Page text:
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Reviewed by:
  • Translations by Brian Friel, and: ‘Master Harold’ . . . and the Boys by Athol Fugard
  • Dan Venning
TRANSLATIONS. By Brian Friel. Directed by Ian Rickson. National Theatre, Olivier Theatre, London. December 3, 2019.
‘MASTER HAROLD’... AND THE BOYS. By Athol Fugard. Directed by Roy Alexander Weise. National Theatre, Lyttelton Theatre, London. December 17, 2019.

In its autumn 2019 season, as the specter of Brexit was looming, London’s National Theatre programmed several productions about the legacy of colonialism. One, Inua Ellams’s Three Sisters, was a new play, a close adaptation of Chekhov transposed to the period from 1967 to 1970, during the Biafran war (the Nigerian Civil War) in Nigeria. Exploring the devastating results of neocolonialism, Ellams’s play makes reference to the works of Christopher Okigbo and Chinua Achebe, examining the suffering endured by colonized peoples even after they had achieved independence. Two other productions were revivals of plays written only two years apart, and both now nearly forty years old: Brian Friel’s Translations (1980) and Athol Fugard’s ‘Master Harold’ . . . and the Boys (1982). Together, these productions simply yet incisively explored the various failures of British imperialism and the damage such ventures perpetrated in both Ireland and Africa. In 2019, they served as reminders that just as the effects of colonialism continue long after the colonists depart, the UK will not be able to ignore Europe and the effects of globalization or remove the influence of its many diverse immigrants from around the globe, even after its departure from the European Union.

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Rufus Wright (Captain Lancey), Fra Fee (Owen), and Jack Bardoe (Lieutenant Yolland) in Translations. (Photo: Catherine Ashmore.)

Ian Rickson’s production of Translations, starring Ciarán Hinds as the Irish hedge-school master Hugh and Fra Fee as his wayward son Owen, was a restaging of a production that had opened a year-and-a-half earlier to a sold-out run (there were many new cast members, including Fee and Jack Bardoe as British Lieutenant George Yolland). Unlike many productions created for the National’s massive Olivier stage, Rickson’s Translations did not make use of the Olivier’s magnificent drum revolve and its potential for rotating stages or raising and lowering actors from depths below the stage. Instead, Rae Smith’s single set covered the stage in sod and dirt, with a simple wooden platform, a few chairs and tables, and a staircase into a house stage right indicating Hugh’s hedge school in the rural landscape of the Irish-speaking community of Baile Beag (Ballybeg), County Donegal, in 1833. Actors would enter and exit over an upstage hill as if having traversed through farmland to reach the school, and the realism of the design was reinforced not only by Smith’s gorgeous period costumes, but also through the scent of peaty moss dispersed throughout the massive auditorium. The relative simplicity of the set on the Olivier’s massive stage helped to romanticize the Irish community that was being transformed through English imperialism. At the same time, Neil Austin’s evocative lighting design, in which bright colors were dispersed across mist upstage to stunning effect, reinforced the mood of scenes and established the world and its characters as mythic and heroic. [End Page 376]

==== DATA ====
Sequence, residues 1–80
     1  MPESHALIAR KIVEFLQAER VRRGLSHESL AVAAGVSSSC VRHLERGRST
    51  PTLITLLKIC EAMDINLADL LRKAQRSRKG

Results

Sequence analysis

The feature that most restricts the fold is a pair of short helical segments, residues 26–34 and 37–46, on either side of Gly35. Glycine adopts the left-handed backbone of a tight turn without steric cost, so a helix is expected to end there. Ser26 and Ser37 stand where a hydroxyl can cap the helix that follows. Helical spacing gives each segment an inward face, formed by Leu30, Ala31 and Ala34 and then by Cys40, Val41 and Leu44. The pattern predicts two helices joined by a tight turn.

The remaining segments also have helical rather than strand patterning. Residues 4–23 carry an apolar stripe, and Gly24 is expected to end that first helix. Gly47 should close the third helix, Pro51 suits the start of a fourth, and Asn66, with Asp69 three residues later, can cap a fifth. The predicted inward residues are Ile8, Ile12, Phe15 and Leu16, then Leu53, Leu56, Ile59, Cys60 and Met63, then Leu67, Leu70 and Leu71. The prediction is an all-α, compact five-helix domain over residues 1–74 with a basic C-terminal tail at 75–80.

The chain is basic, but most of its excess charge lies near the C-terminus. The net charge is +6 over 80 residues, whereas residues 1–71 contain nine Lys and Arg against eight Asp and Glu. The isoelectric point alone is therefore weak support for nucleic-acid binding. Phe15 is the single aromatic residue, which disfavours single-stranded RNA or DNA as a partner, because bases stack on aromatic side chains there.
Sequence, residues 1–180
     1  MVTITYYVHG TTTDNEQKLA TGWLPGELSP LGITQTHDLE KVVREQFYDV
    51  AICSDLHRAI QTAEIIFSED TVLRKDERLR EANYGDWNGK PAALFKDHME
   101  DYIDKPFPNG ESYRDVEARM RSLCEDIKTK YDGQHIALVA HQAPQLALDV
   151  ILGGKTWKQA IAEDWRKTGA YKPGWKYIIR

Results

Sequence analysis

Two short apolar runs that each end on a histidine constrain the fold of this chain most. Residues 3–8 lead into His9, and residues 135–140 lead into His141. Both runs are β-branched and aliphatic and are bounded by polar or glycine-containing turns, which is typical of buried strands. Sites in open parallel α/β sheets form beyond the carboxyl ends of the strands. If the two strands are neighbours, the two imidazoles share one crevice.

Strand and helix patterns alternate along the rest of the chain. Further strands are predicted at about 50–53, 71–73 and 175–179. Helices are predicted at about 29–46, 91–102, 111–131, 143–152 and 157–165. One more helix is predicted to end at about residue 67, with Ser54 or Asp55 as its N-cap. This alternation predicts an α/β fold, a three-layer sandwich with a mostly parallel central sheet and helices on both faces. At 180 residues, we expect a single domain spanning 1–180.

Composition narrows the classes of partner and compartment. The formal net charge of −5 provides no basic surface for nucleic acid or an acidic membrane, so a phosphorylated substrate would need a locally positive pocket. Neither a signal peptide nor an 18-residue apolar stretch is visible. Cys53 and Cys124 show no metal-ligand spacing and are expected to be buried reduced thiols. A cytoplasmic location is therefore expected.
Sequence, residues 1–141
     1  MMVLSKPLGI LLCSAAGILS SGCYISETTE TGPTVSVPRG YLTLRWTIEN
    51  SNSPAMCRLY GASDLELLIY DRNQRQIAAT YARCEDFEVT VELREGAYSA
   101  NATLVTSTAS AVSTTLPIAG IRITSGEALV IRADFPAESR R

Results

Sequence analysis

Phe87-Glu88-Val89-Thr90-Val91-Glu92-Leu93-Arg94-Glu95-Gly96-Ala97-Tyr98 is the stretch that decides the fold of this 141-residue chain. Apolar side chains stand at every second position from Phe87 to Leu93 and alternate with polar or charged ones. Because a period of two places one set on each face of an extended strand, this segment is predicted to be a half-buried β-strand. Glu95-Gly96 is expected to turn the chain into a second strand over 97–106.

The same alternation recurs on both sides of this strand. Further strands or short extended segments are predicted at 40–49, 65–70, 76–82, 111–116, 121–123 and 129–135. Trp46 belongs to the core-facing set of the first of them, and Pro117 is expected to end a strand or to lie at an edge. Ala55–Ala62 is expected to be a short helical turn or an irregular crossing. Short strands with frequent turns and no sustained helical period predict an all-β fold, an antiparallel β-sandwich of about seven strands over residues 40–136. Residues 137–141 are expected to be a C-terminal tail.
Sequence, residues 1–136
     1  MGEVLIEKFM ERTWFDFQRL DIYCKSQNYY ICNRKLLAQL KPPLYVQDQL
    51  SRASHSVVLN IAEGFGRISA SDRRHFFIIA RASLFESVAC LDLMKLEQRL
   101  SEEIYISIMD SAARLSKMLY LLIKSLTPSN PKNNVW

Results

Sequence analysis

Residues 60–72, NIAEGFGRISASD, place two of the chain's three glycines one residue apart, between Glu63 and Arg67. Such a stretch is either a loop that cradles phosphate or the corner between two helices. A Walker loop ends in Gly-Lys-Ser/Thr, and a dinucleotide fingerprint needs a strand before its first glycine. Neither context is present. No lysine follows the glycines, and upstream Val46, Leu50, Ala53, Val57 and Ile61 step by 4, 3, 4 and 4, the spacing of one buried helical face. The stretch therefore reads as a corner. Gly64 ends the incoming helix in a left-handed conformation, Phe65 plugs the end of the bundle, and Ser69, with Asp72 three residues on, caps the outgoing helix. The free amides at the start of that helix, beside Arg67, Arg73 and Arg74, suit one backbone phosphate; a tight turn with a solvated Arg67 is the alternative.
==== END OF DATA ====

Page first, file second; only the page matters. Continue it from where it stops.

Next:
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Jack Bardoe (Lieutenant Yolland) and Fra Fee (Owen) in Translations. (Photo: Catherine Ashmore.)

Friel’s play takes place during an Ordnance Survey, as British soldiers are undertaking the process of mapping Ireland, recording the layout of the country, and renaming places from Irish into English. The alcoholic Hugh teaches Latin and Greek at his hedge school alongside his son Manus, but in an act of resistance refuses to teach English, despite the urging of some of his students that they may need this in order to succeed in a world increasingly dominated by English-speaking global powers. Whether a character is speaking English or Irish, the audience hears the entire play in English (excepting a few phrases from Latin or ancient Greek, recited in the original). This creates fascinating moments where the audience can recognize characters who are trying to speak to one another...